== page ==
Some Iowa veterans 'absolutely heartbroken' as they watch Taliban seize Afghanistan areas they fought for
Iowa veterans of the Afghanistan War were in disbelief Monday as chaos engulfed the country they fought to protect from the Taliban.
"I'm heartbroken. Absolutely heartbroken," former Iowa National Guardsman Matt Smith said. "This is not how it was supposed to end, or how it had to end."
Along with countless other veterans, Smith has watched on TV as Taliban fighters race across Afghanistan. They've seized nearly the entire country, including bases where hundreds of thousands of U.S. troops served. They've even taken the Presidential Palace in Kabul, after President Ashraf Ghani fled the country.
Veterans who spoke with the Des Moines Register Monday said they worry about the Afghans who helped them and are now prime targets for the Taliban. They also worry about the morale of their fellow veterans.
Smith, 42, of Monroe, served two tours in Afghanistan with the Iowa National Guard, then returned there for a stint as a security contractor at the U.S. Embassy in Kabul.
He retired from the Guard a few years ago as a sergeant major. His duties included helping lead joint American and Afghan Army patrols in a mountainous region near the Pakistan border during the Iowa National Guard's 2010-11 deployment there, its largest since World War II.
Many of the places where Smith served are now firmly under control of the Taliban, the very people the American and Afghan Army troops fought against.
"It's a literal nightmare," Smith said.
He said he understood why the American mission was being drawn down, but he can't accept that the chaotic transition was inevitable.
The military is known for making extensive, detailed plans, he said. But it appears U.S. troops were yanked out without regard to what would happen next. It's as if instead of checking out of a hotel properly, he said, "we tossed our keys on the bed and flipped out the lights."
Smith now works for a nonprofit group called "Hope for the Warriors," which helps veterans and their families. He said many Afghanistan War veterans are worried about friends they made during their service.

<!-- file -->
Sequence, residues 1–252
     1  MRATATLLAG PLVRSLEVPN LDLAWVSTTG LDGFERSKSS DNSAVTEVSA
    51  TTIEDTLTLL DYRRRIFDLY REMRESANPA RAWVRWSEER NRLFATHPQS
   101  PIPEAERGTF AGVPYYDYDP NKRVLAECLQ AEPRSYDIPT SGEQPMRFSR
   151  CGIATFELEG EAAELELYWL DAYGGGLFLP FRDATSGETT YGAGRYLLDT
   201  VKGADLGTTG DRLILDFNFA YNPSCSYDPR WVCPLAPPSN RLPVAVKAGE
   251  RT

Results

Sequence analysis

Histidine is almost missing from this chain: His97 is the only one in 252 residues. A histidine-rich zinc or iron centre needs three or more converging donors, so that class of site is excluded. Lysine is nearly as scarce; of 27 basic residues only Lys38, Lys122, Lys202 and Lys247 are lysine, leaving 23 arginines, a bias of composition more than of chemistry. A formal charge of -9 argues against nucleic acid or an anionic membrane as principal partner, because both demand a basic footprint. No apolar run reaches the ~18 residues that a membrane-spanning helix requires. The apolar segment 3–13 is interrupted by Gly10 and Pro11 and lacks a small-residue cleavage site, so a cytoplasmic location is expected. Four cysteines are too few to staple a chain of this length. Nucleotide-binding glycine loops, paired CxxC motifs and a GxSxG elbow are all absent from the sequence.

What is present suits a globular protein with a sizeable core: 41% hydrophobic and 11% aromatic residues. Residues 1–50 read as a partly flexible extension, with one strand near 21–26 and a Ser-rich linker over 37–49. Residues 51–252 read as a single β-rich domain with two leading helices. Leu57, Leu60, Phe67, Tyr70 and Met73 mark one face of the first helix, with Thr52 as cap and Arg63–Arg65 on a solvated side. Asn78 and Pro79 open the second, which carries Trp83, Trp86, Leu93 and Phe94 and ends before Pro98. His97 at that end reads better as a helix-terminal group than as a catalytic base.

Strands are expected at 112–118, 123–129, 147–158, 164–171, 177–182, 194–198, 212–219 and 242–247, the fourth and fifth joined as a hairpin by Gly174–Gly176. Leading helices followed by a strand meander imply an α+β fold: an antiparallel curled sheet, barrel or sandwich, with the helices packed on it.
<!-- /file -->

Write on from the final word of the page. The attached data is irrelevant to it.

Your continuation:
Smith dismissed claims that Afghan soldiers or police didn't care about defending their country. Anyone who says that, "never fought shoulder to shoulder with the Afghans," he said. "The soldiers that I fought with wanted a better life. They wanted a better Afghanistan."
However, he said, corruption among Afghan leaders rotted the military, leaving it vulnerable to collapse.
Smith fears Afghanistan could quickly become a bastion for terrorism, "the likes of which I don't think we've ever seen."
"The Taliban will say, 'All we had to do is wait,'" he said.
'Now it could be even more dangerous'
Todd Eipperle, who was one of the most highly decorated veterans of the Iowa National Guard's 2010-11 deployment to Afghanistan, also worries that the country will resume its role as a terrorism base.
"The Taliban is probably better off than they were before. They've got our equipment, and we left a lot of it," he said in an interview Monday.
Eipperle, 57, of Ankeny, was shot in the hip and knee during an attack by a rogue policeman in 2011 in Afghanistan. Two Americans, including Iowa Guard Sgt. 1st Class Terryl Pasker of Cedar Rapids, were killed in the attack. Despite his wounds, Eipperle was able to stop the attack by shooting the gunman. He received a Purple Heart and a Bronze Star with a "V device," honoring outstanding valor.
It took Eipperle about two years to convalesce from his wounds, but he remains in the military, as a sergeant major in the Army Reserve.
He saw firsthand how challenging it would be to turn Afghanistan around. That was especially true in rural areas of the rugged country, where people live in villages and have little contact with the central government, he said.
Still, he said he was surprised the U.S. suddenly pulled all troops out of Afghanistan.
"I know the popular thing was to get out of there. I understand that," he said. "But now it could be even more dangerous." He pointed out that the U.S. still has troops in Japan, Germany and Korea, many decades after wars ended there.
Eipperle wonders if the outcome in Afghanistan will give Americans pause before going to war in the future. They may ask, "when we go in there, will it be for nation-building? Because maybe we're not so good at that," he said.
Veterans urged to focus on their good work
Dan Grinstead of Iowa City, a mental health professional who deployed to Afghanistan with the National Guard in 2010, said he shares others' shock at seeing the Taliban suddenly control former U.S. strongholds. Those include Bagram Airfield, a huge, heavily fortified base near Kabul where he spent several months counseling soldiers.
Grinstead, 71, was in the Guard from 2008 to 2014. He's now retired as a social worker.
He said many veterans are probably discouraged by the Taliban takeover of areas they worked so hard to protect and improve.
"They'll be asking, 'Why did my buddies give their lives?'" he said.
Even if they're shocked by the current tragedy, everyone knew the war would have to end at some point, he said.
Grinstead said he would advise anyone who's feeling anxious or depressed to seek professional help as well as the support of people they served with. He'd also advise them to focus on the positive things they did for Afghanistan.
"We did the best we could, and we did it very well," Grinstead said.
Grinstead said he would remind veterans they were responsible for their own missions, not the overall result.
"What I have to remind myself of is: Politicians start wars and politicians end wars," he said.
Tony Leys writes about health care for the Register, and covered the 2010-11 deployment of the Iowa National Guard to Afghanistan. Reach him at email@example.com or 515-284-8449.